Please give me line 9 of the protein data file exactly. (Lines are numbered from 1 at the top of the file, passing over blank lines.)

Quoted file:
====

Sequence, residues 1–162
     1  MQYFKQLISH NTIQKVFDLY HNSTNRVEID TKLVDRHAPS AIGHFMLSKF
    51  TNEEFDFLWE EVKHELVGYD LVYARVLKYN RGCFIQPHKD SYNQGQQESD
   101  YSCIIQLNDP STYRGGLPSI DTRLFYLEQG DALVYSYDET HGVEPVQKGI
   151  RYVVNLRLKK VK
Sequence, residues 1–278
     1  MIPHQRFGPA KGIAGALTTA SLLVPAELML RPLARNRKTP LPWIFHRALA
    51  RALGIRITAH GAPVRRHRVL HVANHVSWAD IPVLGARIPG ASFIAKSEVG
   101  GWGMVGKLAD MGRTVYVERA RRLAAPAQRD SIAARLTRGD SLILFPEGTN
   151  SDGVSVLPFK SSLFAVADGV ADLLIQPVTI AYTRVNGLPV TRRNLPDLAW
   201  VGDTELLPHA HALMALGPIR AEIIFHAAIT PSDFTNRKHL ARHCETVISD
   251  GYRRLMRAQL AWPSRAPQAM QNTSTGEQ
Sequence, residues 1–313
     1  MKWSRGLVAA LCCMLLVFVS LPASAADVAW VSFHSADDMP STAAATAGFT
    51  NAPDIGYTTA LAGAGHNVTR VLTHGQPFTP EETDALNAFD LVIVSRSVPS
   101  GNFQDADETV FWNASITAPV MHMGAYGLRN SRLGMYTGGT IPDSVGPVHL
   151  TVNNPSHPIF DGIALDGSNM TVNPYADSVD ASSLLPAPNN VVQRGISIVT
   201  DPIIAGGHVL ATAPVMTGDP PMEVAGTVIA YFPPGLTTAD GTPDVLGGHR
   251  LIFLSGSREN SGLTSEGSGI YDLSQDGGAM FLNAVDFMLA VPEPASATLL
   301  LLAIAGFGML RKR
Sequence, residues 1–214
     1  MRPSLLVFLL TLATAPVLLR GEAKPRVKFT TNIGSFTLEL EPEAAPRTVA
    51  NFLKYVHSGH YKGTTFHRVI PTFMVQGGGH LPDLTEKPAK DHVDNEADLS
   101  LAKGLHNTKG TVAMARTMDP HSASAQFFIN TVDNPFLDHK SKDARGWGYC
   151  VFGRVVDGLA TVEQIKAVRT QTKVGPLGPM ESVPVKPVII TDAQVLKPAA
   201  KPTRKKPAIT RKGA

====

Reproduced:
   101  GWGMVGKLAD MGRTVYVERA RRLAAPAQRD SIAARLTRGD SLILFPEGTN